Marin County, CA– Late Friday afternoon (11/07/03) Marin Superior Court Judge Lynn Duryee ruled last week that the County of Marin was in violation of CEQA(California Environmental Quality Act) when they approved the development of a new house in “sensitive creekside habitat” without first completing the proper environmental review.

Environmentalists filed suit in Marin County Superior Court against the County of Marin over continued illegal approval of developments along one of California’s most important wild coho salmon spawning streams in west Marin’s Lagunitas Watershed. According to environmentalists, the action follows the County’s continual refusal to heed their concerns, voiced often and vocally in numerous public hearings over the past few years, to follow its own policies and California law to protect critical habitat for coho salmon, steelhead trout and the habitat on which they depend.

“The days of the county ignoring its own 100 foot stream conservation area setback and allowing continued development that is pushing endangered salmon species to the brink of extinction are over,” commented a very happy Todd Steiner, the director of the Salmon Protection And Watershed Network (or SPAWN) the lead plaintiff in the complaint.

The suit filed was filed by Marin County-based groups, SPAWN and the Tomales Bay Association and alleged the County abused its discretion by failing to proceed in the manner required by law when it approved a development permit to construct a 3,649 square feet house with an additional 768 square foot garage, parking for five vehicles and intermittent sand filter septic system, located on San Geronimo Creek, on a currently vacant parcel, 20 feet from San Geronimo Creek without first conducting the environmental review required by CEQA.

“The county of Marin illegally exempted this project from the environmental review process required by CEQA” stated Michael Graf, attorney for the petitioners. “A project such as this one located in sensitive stream-side habitat is not immune to such laws and must be subject to a proper review process under CEQA. The result of this lawsuit is that the County must review this current development and similar future developments in the stream conservation areas in accordance withCEQA. Such environmental review is also required by the County General Plan.”

“Since 1994, the County policy has included a provision to protect a 100-foot “stream conservation area” that they have ignored to the detriment of endangered salmon, as well as the creek ecosystem.” said Reuven Walder, Watershed Biologist for SPAWN. He continued, “We must look at the cumulative impacts of years of abuse and we cannot allow the County to continue to unlawfully determine that each small assault is negligible without understanding the collective impacts.” He contends the purpose of the lawsuit is to ensure that a proper environmental impact report be prepared that considers the cumulative impacts of past, current and future development of the salmon’s critical habitat.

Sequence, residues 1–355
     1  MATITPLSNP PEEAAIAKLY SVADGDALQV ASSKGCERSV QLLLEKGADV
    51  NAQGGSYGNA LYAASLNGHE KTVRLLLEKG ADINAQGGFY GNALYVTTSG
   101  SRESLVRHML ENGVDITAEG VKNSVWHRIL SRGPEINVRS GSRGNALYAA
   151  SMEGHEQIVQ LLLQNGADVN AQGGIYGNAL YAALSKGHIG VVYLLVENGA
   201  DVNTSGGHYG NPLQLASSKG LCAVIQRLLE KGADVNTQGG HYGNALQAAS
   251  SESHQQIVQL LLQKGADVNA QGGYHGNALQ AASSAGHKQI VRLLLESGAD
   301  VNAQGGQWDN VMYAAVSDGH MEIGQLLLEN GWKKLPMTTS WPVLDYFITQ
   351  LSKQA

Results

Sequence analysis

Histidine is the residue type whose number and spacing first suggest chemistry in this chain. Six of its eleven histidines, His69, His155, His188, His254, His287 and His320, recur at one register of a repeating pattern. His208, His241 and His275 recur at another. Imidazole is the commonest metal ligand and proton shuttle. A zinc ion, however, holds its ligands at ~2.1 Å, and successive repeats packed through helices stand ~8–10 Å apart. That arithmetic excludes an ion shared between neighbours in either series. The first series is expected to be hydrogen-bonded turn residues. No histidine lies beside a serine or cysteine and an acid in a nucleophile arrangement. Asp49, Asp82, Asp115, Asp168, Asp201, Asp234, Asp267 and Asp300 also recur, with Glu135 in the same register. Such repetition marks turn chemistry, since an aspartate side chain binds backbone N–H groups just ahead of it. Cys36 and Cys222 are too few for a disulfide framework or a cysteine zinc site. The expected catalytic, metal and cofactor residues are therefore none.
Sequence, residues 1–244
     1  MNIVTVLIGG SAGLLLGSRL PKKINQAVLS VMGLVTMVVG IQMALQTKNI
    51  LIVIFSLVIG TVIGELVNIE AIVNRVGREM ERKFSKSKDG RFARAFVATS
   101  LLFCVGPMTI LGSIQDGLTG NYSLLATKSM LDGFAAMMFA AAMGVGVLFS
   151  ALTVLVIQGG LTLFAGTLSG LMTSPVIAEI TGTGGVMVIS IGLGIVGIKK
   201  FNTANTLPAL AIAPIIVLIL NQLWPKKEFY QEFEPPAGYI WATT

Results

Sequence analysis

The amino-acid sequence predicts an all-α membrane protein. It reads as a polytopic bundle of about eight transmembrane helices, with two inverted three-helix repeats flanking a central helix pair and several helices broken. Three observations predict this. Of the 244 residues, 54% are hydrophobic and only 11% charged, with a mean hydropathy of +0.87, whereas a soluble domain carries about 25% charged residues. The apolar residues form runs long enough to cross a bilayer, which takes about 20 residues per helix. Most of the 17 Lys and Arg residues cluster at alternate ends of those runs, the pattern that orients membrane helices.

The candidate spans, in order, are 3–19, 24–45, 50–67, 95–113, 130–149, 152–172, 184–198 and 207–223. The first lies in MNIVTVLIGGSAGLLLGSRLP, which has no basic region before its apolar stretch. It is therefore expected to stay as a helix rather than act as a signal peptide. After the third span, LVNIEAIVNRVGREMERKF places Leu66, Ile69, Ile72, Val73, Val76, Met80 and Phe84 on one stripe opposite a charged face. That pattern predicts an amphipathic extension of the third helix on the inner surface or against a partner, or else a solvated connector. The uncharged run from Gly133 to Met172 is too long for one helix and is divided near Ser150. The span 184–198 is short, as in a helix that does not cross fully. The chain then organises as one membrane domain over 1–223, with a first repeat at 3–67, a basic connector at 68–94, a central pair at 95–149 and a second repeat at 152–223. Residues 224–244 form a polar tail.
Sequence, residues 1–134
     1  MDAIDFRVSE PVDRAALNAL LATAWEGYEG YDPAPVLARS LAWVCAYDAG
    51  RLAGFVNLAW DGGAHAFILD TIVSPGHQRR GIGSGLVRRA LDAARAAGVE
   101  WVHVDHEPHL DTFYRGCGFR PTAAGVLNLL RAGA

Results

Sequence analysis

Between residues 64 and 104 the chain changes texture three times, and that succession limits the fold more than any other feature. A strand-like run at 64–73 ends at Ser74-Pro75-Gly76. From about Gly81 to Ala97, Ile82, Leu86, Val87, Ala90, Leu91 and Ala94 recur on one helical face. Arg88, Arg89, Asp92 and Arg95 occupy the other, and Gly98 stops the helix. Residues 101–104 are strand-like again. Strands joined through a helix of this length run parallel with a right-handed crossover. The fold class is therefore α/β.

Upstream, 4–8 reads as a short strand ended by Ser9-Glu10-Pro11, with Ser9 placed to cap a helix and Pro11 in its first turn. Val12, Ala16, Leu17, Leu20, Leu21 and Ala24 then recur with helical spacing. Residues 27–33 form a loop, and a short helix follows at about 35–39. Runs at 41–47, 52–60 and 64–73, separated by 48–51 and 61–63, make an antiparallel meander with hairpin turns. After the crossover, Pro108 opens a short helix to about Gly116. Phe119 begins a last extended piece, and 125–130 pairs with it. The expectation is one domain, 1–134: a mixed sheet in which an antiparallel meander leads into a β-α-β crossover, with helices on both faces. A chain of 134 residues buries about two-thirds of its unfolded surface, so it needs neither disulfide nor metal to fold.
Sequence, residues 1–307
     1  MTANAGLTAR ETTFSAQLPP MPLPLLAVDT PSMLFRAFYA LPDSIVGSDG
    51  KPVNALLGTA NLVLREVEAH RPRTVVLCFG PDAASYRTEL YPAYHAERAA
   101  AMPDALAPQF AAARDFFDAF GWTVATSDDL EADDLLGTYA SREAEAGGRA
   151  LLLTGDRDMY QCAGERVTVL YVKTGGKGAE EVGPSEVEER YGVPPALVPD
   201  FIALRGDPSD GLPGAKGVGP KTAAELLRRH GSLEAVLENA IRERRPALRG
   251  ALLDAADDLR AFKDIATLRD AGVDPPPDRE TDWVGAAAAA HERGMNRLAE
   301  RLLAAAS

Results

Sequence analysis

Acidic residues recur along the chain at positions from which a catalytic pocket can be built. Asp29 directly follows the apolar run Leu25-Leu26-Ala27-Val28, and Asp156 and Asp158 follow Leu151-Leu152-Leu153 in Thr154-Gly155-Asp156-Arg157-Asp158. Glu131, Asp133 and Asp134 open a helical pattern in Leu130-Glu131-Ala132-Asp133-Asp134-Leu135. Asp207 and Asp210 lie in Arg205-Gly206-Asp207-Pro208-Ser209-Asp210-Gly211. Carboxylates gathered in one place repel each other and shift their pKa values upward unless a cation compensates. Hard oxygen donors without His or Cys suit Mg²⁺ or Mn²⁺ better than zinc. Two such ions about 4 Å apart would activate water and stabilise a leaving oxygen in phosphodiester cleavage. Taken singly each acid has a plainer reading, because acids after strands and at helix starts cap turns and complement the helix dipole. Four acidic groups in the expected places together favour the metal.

Ken Fox, President of Tomales Bay Association, observed that the “County process of approving development in the stream conservation areas needs to be improved. This lawsuit has resulted in the Court instructing the County to follow proper procedures, things they have been continuing to ignore for some time now, so we’re very hopeful that the (County’s) unofficial policy of operating on unwritten rules and creative interpretations is finally over.”

“The Lagunitas Creek is already listed as ‘impaired’ by the State of California for pathogens, nutrients and sediment and we must take actions to reverse this condition, not exacerbate it further, so we can make the waterways healthy again,” said Todd Steiner, director of SPAWN. “Because these creeks run through our neighborhoods, ultimately what is good for the salmon is also good for the well being of our families as well.”


The Salmon Protection And Watershed Network (SPAWN) works to protect threatened coho salmon and steelhead and the environment on which we all depend. The protection of these keystone species leads to the protection of all the wildlife of our community, and indeed the protection ourselves. SPAWN uses a science-based, multi-faceted approach to accomplish our mission, including research and monitoring, habitat restoration, policy development, environmental education, collaboration with other organization, and media campaigns. SPAWN is a project of Turtle Island Restoration Network.

The Tomales Bay Association monitors state, regional, and local laws, regulations and policies governing management of local resources. When necessary, TBAasserts independent, well-reasoned action to enforce the laws that are meant to protect the public trust resources. TBA is an all-volunteer, nonprofit, tax-exempt organization which depends on both monetary and hands-on volunteer contributions from its members.”